Narrator: Before we get into the second half of the program, I'd like to introduce somebody to you. Somebody who's very important to Fantasia. He's very shy and very retiring. I just happened to run across him one day at the Disney Studios. But when I did, I realized that here was not only an indispensable member of the organization, but a screen personality. And so I'm very happy to have this opportunity to introduce to you the soundtrack.

Narrator: How do you do? My name is Deems Taylor, and it's my very pleasant duty to welcome you here on behalf of Walt Disney, Leopold Stokowski, and all the other artists and musicians whose combined talents went into the creation of this new form of entertainment, "Fantasia". What you're going to see are the designs and pictures and stories that music inspired in the minds and imaginations of a group of artists. In other words, these are not going to be the interpretations of trained musicians, which I think is all to the good. Now there are three kinds of music on this "Fantasia" program. First, there's the kind that tells a definite story. Then there's the kind that while it has no specific plot, it does paint a series of more or less definite pictures. And then there's a third kind, music that exists simply for its own sake. Now, the number that opens our "Fantasia" program, the "Toccata and Fugue", is music of this third kind, what we call "absolute music". Even the title has no meaning beyond a description of the form of the music. What you will see on the screen is a picture of the various abstract images that might pass through your mind if you sat in a concert hall listening to this music. At first, you're more or less conscious of the orchestra. So our picture opens with a series of impressions of the conductor and the players. Then the music begins to suggest other things to your imagination. They might be, oh, just masses of color or they may be cloud forms or great landscapes or vague shadows or geometrical objects floating in space. So now we present the "Toccata and Fugue In D Minor" by Johann Sebastian Bach, interpreted in pictures by Walt Disney and his associates, and in music by the Philadelphia Orchestra and its conductor, Leopold Stokowski.

Trivia


Fantasia is the only Disney film with an intermission.
Of all the Disney Animated Features Fantasia is the longest running at 125 minutes.
Disney still recieves complaints about the scene "Night on Bald Mountain"
saying it terrified their children. Walt Disney wanted to re-release Fantasia every year but with new music segments in it. However this proved over ambitious.
In Dance of the Hours the Hippo is named Hyacinth, the Ostritch is named Mlle Upanova and the alligator is named Ben Ali Gator.

Music - Soundtrack


Toccata and Fugue in D Minor, BWV 565
Composed by Johann Sebastian Bach
Orchestrated by Leopold Stokowski (uncredited)
Concept by Oskar Fischinger (uncredited)
Played by The Philadelphia Orchestra (as The Philadelphia Orchestra)
Conducted by Leopold Stokowski

The Nutcracker Suite, Op. 71a (1892)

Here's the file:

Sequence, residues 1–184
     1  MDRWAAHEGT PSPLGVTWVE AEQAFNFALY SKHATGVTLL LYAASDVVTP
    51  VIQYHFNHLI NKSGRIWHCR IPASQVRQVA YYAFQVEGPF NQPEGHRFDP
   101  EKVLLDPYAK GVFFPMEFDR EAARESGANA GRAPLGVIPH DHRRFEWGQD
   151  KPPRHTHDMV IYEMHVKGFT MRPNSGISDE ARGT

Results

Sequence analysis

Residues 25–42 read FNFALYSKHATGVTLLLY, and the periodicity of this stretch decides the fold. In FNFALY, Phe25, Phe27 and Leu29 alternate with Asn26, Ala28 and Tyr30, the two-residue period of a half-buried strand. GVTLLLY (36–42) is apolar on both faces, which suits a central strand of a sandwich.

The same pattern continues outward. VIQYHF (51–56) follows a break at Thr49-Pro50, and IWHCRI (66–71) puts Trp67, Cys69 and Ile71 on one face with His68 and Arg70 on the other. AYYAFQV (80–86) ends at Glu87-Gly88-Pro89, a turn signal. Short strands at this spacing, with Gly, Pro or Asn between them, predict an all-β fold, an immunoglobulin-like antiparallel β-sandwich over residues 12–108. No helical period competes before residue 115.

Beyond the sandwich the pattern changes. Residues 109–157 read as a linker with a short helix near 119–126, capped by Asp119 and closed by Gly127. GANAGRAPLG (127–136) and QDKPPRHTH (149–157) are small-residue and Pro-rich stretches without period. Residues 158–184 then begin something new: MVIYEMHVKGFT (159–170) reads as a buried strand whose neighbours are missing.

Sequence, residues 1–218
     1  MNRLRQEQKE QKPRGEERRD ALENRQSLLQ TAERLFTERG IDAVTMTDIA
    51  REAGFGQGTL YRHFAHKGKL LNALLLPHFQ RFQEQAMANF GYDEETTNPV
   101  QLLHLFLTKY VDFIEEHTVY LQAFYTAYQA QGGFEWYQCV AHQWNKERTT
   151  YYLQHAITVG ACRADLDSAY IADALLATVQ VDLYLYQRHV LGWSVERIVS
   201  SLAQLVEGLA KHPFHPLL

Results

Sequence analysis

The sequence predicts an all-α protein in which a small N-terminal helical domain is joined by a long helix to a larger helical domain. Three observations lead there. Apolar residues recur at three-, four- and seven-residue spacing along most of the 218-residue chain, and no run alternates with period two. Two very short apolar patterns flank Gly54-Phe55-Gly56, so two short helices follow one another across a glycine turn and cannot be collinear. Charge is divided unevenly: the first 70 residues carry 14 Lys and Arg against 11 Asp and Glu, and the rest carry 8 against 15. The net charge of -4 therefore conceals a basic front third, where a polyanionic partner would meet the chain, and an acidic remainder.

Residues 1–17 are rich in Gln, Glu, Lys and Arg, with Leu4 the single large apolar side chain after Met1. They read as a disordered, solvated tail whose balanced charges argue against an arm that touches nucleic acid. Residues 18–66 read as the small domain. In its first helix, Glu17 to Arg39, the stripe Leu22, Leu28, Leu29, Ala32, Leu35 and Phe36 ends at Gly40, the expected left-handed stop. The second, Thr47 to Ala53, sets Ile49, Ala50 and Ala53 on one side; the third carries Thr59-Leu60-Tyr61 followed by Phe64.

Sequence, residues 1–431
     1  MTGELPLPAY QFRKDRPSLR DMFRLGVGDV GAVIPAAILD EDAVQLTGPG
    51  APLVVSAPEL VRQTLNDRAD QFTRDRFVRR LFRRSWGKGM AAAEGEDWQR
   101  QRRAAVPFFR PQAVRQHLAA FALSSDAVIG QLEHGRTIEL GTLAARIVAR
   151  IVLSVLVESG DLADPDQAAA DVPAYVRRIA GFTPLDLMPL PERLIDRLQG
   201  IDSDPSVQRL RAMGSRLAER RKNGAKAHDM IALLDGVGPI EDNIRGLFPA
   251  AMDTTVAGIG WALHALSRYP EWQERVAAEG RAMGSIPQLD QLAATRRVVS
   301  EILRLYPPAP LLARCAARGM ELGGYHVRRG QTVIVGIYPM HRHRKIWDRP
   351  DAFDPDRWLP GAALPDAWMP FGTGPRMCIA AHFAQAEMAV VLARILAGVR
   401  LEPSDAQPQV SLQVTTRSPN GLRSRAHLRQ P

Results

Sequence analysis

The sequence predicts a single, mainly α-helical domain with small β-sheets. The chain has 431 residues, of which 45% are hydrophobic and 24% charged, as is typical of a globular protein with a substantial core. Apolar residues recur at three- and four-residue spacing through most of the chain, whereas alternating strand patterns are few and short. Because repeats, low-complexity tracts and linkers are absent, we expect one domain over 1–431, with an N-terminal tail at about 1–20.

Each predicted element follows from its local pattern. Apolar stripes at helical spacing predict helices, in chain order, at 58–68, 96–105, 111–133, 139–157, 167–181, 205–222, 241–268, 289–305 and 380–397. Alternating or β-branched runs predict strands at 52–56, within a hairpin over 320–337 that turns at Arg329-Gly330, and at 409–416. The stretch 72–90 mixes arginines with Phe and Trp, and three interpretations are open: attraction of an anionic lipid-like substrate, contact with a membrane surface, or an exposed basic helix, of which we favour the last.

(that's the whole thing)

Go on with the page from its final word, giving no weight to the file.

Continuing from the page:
Composed by Pyotr Ilyich Tchaikovsky
Choreographed by Jules Engel (uncredited)
Played by The Philadelphia Orchestra (as The Philadelphia Orchestra)
Conducted by Leopold Stokowski

The Sorcerer's Apprentice(1897)
Composed by Paul Dukas
Partly re-orchestrated by Leopold Stokowski (uncredited)
Played by an unnamed orchestra (offscreen) and onscreen by The Philadelphia Orchestra (as The Philadelphia Orchestra) conducted by Leopold Stokowski

Rite of Spring(1913)
Composed by Igor Stravinsky
Partly re-orchestrated by Leopold Stokowski (uncredited)
Played by The Philadelphia Orchestra (as The Philadelphia Orchestra)
Conducted by Leopold Stokowski

Jam Session Sequence(uncredited)
Played by members of the Philadelphia Orchestra without a conductor

Symphony No. 6 ('Pastoral') Op. 68 (1808)
Composed by Ludwig van Beethoven
Played by The Philadelphia Orchestra (as The Philadelphia Orchestra)
Conducted by Leopold Stokowski

Dance of the Hours (1876) from the opera "La Gioconda"
Composed by Amilcare Ponchielli
Partly re-orchestrated by Leopold Stokowski (uncredited)
Played by The Philadelphia Orchestra (as The Philadelphia Orchestra)
Conducted by Leopold Stokowski

A Night on Bald Mountain (1867)
Composed by Modest Mussorgsky (as Modeste Moussorgsky)
Orchestrated by Leopold Stokowski (uncredited)
Played by The Philadelphia Orchestra (as The Philadelphia Orchestra)
Conducted by Leopold Stokowski

Ave Maria, Op. 52 No. 6 (1825)
Composed by Franz Schubert
Special Lyrics by Rachel Field
Orchestrated by Leopold Stokowski (uncredited)
Sung in English by Julietta Novis and chorus
Choir Sung by Westminster Cathedral Choir (as Westminster Choir) of Westminster Choir College (uncredited) Charles Henderson,
Choral Director
Played by The Philadelphia Orchestra (as The Philadelphia Orchestra)
Conducted by Leopold Stokowski


Images of "Fantasia"







•Introduction

DisneyEnchanted.co.uk

Welcome to DisneyEnchanted.co.uk
This is a Fansite dedicated to the Fantastic Disney. I am not affiliated with Disney in any way and this is purely for fun. I grew up with Disney and continue to enjoy the many things that Disney does. I am just a fan who wants to show my appreciation for the magic that Walt Disney has brought to many children and adults alike. The site is still a work in progress as there is nearly 100 years worth of Disney so please bear with me and enjoy the site Thankyou ♥

•Advertisement

My Other Site


Charmed fan? Why not take a look at my fan page.




•Disney

The animation will change everytime the page changes



•Themes

Change to a different theme


•Holiday Themes

Change to a different theme


•Featured Film

Disney

Click on image to take you to the Movie.





•Random Quotes

Quotes from Disney Films


•Featured Screencaps

Disney

Click on image to take you to the Screencaps.





•Site Info

DisneyEnchanted

Name:Rachel
Domain: DisneyEnchanted
Launched: 17th July 07'
Contact: disneyenchanted@yahoo.com
Theme FT.: Lady and the Tramp
Site: Fansite